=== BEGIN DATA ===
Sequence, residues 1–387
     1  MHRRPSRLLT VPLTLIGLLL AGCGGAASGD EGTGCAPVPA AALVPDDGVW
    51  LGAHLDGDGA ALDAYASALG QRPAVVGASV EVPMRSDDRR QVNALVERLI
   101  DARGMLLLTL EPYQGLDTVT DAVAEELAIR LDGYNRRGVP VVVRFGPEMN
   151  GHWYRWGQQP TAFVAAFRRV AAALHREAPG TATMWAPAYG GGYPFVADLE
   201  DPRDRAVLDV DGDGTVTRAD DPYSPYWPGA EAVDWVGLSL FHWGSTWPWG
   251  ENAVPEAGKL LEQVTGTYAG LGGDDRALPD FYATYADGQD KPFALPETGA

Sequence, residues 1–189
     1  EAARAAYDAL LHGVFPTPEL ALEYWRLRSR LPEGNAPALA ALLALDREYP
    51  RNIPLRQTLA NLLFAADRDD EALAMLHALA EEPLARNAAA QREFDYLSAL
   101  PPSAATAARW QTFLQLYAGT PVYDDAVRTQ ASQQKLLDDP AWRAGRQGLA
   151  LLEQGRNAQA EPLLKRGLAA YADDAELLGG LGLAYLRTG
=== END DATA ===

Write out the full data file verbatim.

Sequence, residues 1–387
     1  MHRRPSRLLT VPLTLIGLLL AGCGGAASGD EGTGCAPVPA AALVPDDGVW
    51  LGAHLDGDGA ALDAYASALG QRPAVVGASV EVPMRSDDRR QVNALVERLI
   101  DARGMLLLTL EPYQGLDTVT DAVAEELAIR LDGYNRRGVP VVVRFGPEMN
   151  GHWYRWGQQP TAFVAAFRRV AAALHREAPG TATMWAPAYG GGYPFVADLE
   201  DPRDRAVLDV DGDGTVTRAD DPYSPYWPGA EAVDWVGLSL FHWGSTWPWG
   251  ENAVPEAGKL LEQVTGTYAG LGGDDRALPD FYATYADGQD KPFALPETGA

Sequence, residues 1–189
     1  EAARAAYDAL LHGVFPTPEL ALEYWRLRSR LPEGNAPALA ALLALDREYP
    51  RNIPLRQTLA NLLFAADRDD EALAMLHALA EEPLARNAAA QREFDYLSAL
   101  PPSAATAARW QTFLQLYAGT PVYDDAVRTQ ASQQKLLDDP AWRAGRQGLA
   151  LLEQGRNAQA EPLLKRGLAA YADDAELLGG LGLAYLRTG